For game reviews, the wisdom of the masses is more useful than the opinion of a rushed journalist. When I'm thinking of buying a videogame, I overwhelmingly trust things like Amazon reviews, which have little vested interest in maintaining a relationship with a PR contact for more review copies. Amazon reviews have a great variety--people who are fans of the series, people who play lots of games casually, and people who bought the game for their offspring. Basically the only thing professional game journalists have over Amazon reviewers is that they get to have the game sooner, and have an excellent grasp of the politics surrounding the publication of certain games. 

Really good game criticism is hard to find. I'm not talking about "yes! you should rent this game!" I'm talking about criticism that makes me appreciate a game I thought was terrible, or that helps me see the world in a different light. To me, reading really good game criticism is almost more fun than actually playing games. I think big game outlets are gradually realizing this, since they've been snatching up my favorite bloggers. Free games journalism isn't killing paid journalism; it is revitalizing it. 

You don't have to pour hours of research into writing a really good analysis of the level structure in Wolfenstein or a feminist critique of Monkey Island. You do need a good background in literary theory, though almost any liberal arts degree can give you that. Basically, I think videogame criticism can be really good even if it wasn't paid criticism. In fact, I think that unpaid articles are often less frought with "what does my editor want to see on the site?" and "what will give us the most hits?" and more concerned with what individuals writers are passionate about.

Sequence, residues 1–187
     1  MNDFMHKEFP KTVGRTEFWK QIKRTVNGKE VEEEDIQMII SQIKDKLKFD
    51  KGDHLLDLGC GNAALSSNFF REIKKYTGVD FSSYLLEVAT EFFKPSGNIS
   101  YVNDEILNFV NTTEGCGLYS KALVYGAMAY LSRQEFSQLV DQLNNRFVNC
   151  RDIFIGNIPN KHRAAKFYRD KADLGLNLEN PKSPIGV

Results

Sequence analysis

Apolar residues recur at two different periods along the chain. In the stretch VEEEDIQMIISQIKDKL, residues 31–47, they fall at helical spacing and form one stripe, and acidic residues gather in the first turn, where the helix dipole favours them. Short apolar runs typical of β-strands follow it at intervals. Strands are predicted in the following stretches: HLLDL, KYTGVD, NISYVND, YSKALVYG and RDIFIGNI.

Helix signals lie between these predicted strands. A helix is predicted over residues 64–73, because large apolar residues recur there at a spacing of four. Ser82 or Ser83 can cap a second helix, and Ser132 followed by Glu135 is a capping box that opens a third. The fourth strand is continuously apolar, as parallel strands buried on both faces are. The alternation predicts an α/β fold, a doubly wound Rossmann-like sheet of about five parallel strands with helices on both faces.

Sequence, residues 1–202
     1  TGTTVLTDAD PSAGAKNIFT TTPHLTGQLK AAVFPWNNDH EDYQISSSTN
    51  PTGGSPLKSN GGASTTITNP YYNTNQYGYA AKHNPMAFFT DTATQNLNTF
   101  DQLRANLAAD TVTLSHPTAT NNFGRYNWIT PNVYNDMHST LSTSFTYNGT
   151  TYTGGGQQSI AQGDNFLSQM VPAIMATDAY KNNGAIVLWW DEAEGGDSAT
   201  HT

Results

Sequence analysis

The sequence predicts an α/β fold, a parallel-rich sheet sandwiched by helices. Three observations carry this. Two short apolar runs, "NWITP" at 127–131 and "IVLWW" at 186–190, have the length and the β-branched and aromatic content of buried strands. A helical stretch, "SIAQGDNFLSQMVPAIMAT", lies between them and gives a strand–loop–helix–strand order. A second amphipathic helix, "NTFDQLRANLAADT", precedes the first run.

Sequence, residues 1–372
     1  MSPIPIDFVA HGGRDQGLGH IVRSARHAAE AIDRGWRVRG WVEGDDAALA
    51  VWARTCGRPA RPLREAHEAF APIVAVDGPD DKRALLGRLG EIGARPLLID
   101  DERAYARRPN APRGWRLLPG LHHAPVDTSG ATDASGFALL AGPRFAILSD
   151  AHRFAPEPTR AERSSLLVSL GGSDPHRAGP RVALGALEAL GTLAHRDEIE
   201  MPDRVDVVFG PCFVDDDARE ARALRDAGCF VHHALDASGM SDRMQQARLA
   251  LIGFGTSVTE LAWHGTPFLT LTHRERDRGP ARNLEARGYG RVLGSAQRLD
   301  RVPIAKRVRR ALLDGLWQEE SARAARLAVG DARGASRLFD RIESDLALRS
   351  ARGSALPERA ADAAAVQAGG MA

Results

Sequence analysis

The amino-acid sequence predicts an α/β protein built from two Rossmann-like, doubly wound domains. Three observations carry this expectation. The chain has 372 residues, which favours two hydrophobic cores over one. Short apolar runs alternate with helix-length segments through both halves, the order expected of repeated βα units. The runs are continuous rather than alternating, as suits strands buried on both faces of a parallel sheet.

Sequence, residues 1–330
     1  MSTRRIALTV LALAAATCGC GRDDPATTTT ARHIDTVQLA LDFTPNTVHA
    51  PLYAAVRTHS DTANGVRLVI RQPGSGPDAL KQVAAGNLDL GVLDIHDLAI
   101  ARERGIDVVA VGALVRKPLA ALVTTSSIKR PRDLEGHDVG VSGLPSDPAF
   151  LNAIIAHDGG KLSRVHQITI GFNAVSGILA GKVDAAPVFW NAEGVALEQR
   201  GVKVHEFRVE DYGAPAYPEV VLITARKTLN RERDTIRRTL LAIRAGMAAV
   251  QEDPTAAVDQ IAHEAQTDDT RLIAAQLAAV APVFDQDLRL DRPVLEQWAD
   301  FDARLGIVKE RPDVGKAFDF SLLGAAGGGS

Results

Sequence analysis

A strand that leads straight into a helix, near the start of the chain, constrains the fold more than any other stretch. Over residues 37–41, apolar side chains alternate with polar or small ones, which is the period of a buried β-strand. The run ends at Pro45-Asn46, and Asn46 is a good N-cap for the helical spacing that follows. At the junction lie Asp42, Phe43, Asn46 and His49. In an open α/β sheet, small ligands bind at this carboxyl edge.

It's perfectly possible to create good writing and get paid for it, I'm just saying that getting paid for writing adds a layer of external concerns. Sometimes those external concerns are about maintaining relationships with videogame developers, whereas an amateur who isn't making a career in games journalism might be more free in their criticisms simply because they don't have a working relationship with the publishers.

Alan's best case against free games journalism is when he states that investigative journalism requires more time and research than a casual interest can justify:
Researched writing is valuable. Investigative journalism is an essential check on the powers of the state, and games journalism is vital to protect us consumers from the motives of greedy corporations, never mind moving the artistic medium forward. I love writing, but frankly I can’t carry out that kind of research and hold a full-time job as well. If that research is your full-time job, whether salaried or freelance, your work will be better for it and readers will appreciate it more. Without the insightful criticism and investigative work that paid journalism allows, you’re left with ten thousand trite reviews and a smattering of Top Ten lists.
Alan's correct in that really good investigative journalism requires a lot of effort, and that the videogame industry would benefit from it, but the majority of stories have nothing to do with investigative journalism beyond "oh so-and-so posted this unpolitic thing on Twitter/Facebook." The most recent debacle with OnLive seems like it could have used some investigative journalism. The Escapist, which prides itself on doing journalism right, noticed that PopCap studios was also having some layoffs, but concluded that "the issue may warrant further investigation." It kind of feels like no one is doing this investigative journalism that Alan speaks of. Maybe there is some good investigative journalism out there and I'm not hearing about it?
so much... investigative journalism?

I think the bigger issue is probably that readers simply aren't as interested in company layoffs as they are in the teaser trailers from Gamescom. Sites that have paid content have plenty of top ten lists--to what mythical paid journalism does Alan refer? I believe he's thinking of more "highbrow" publications...